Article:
Comparator The truth table and the schematic diagram of the comparator are given below. The A=B equality represents an XNOR gate, and A>B, ACOMPARATOR
A B A>B A
0 0 0 0 1
0 1 0 1 0
1 0 1 0 0
1 1 0 0 1
Fig. 42. The truth table and schematic diagram of the comparator (COMP.SCH).
Using DSCH, the logic circuit of the comparator is designed and verified at logic level. Then the conversion into Verilog is invoked (File -> Make verilog File). Microwind compiles the verilog text into layout. The layout and simulation of the comparator is given in Figure 43. The XNOR gate is located at the left side of the design. The inverter and NOR gates are at the right side. After the initialization, A=B rises to 1. The clocks A and B produce the combinations 00,01,10 and 11. Notice the small glitch on A>B at t=12 ns. This glitch is not a design error. On the contrary, it shows that during the transition of A and B the situation A>B occurs and that the cell is fast enough to react.
Fig. 43. Simulation of a comparator (COMP.MSK file).
5. Latches and Memories
RS Latch The RS Latch is made up of two interconnected NAND gates. The Reset and Set inputs are active low. The memory state corresponds to Reset=Set=1. The combination Reset=Set=0 should not be used.
R S Q nQ
0 0 X X
0 1 0 1
1 0 1 0
1 1 Q nQ
Fig. 44. The truth table and schematic diagram of a RS latch made from 2 NAND gates (RS.MSK).
DESIGN. You can use the VERILOG compiler for the creation of the RS latch with cell declarations as follow. See « rs.txt » text file.
Fig. 45. The design of a RS latch made from 2 NAND gates (RS.MSK).
SIMULATION. Assign a negative pulse to R. The pulse icon is one of the simulation icons and is shown below. Select this icon, then click near the Reset label. The pulse parameter window appears. The default pulse is positive. Invert the voltage cursors situated on the left of the window in order to program a negative pulse.
Assign another negative pulse to Set. The pulse is automatically delayed from the previous pulse assigned to Reset. Click on Simulatein the main menu. The timing diagrams appear as reported in Figure 46.
The simulation steps are the following:
Inputs R and S are fixed to 1. The latch is in a memory state.
A negative pulse is applied to R. The latch output Q goes to a level of 0.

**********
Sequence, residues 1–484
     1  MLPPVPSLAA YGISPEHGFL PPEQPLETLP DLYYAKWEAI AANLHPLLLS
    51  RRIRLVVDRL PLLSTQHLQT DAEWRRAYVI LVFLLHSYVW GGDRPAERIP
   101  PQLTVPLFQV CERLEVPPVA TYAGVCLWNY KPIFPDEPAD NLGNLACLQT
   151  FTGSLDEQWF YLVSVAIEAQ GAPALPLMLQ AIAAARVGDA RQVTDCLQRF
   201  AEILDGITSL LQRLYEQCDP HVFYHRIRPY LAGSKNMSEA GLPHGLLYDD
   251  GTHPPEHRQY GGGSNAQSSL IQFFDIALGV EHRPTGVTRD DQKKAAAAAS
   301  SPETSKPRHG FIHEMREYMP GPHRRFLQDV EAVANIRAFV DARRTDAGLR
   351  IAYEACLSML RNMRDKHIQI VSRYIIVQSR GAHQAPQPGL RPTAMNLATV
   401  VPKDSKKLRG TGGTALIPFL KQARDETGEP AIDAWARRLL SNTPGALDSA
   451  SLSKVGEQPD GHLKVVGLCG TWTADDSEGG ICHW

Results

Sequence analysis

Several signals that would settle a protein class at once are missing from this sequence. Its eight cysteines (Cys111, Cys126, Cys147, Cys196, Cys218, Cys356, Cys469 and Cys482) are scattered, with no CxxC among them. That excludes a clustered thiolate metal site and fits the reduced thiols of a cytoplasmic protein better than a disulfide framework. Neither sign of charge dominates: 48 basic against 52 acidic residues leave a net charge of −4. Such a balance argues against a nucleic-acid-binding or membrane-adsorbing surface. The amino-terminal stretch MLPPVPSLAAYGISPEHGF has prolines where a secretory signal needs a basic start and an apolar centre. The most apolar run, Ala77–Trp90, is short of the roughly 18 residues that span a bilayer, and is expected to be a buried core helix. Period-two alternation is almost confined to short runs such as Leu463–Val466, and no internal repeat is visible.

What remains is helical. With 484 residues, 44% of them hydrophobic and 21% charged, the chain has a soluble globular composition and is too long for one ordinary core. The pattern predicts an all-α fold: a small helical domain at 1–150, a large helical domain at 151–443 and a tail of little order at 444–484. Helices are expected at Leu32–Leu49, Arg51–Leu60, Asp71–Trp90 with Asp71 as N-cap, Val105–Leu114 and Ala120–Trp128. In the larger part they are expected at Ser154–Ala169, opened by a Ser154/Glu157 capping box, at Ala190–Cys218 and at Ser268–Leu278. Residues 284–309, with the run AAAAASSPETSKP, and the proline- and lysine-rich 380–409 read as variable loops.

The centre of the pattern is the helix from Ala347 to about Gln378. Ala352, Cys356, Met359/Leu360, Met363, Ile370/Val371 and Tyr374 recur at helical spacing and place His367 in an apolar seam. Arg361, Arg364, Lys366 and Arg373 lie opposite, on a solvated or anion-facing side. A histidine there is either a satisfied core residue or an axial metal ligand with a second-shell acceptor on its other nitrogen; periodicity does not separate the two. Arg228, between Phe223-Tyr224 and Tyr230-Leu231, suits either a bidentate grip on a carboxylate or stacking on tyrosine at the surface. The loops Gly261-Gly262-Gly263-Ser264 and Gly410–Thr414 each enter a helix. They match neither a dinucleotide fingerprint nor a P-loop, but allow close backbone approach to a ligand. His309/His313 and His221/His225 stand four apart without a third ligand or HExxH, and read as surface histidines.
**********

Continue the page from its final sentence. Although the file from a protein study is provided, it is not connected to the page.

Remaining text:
A short time after, a negative pulse is applied to S. The latch output Q goes to 1.
Fig. 46. The simulation of a RS latch (RS.MSK). D Latch The truth table and schematic diagram of the static D latch, also called Static D-Flip-Flop, are shown in Figure 47. The data input D is transferred to the output if the clock input is at level 1. When the clock returns to level 0, the latch keeps its last value.
D H Q nQ
0 0 Q nQ
1 0 Q nQ
0 1 0 1
1 1 1 0
Fig. 47. The truth table and schematic diagram of a D Latch (File DLATCH.MSK).
MANUAL DESIGN. Use the one line compiler to create successively one inverter nd=/d, and two complex gates which include the AND/NOR cells using the syntax Q=/(nQ+(nd.h)) and nQ=/(Q+(d.h). Build the interconnections and run the Design Rule Checker. Assign a clock to H and a clock to D.
VERILOG COMPILING. Compile the cells using the following description file « dlatch.txt ».
Otherwise you can load a design of the D-latch using the commands File -> Read-> DLATCH.MSK(Figure 48).
Fig. 48. The design of a D-latch (DlatchLevel.MSK). SIMULATION. Click on Simulate of the main menu. The timing diagrams appear as reported in Figure 49. The simulation steps are listed below :
The clock H is at level 0 so that the latch can be in a memory state.
The input D changes. Nothing changes in the output.
The clock H goes to level 1. The output Q copies the input D.
The clock H goes back to level 0. The output Q keeps its last value.
Fig. 49. The simulation of a D-latch (DLatchLevel.MSK). RAM Memory The schematic diagram of the static memory cell used in High Capacity Static RAMs is given in Figure 50. The circuit consists of 2 cross-coupled inverters and two nMOS pass transistors. The cell has been designed to be duplicated in X and Y in order to create a large array of cells. Usual sizes for Megabit SRAM memories are 256 x 256 cells or higher. The selection line Sel concerns all the cells of one row. The lines Data and nData concern all the cells of one column.
Fig. 50. The schematic diagram of the static RAM cell (RAM.MSK).
The RAM layout is given in Figure 64. Click on File -> Read -> RAM.MSK to read it. The Data and nData signals are made with metal and cross the cell from top to bottom. This allows easy matrix-style duplication of the RAM cell.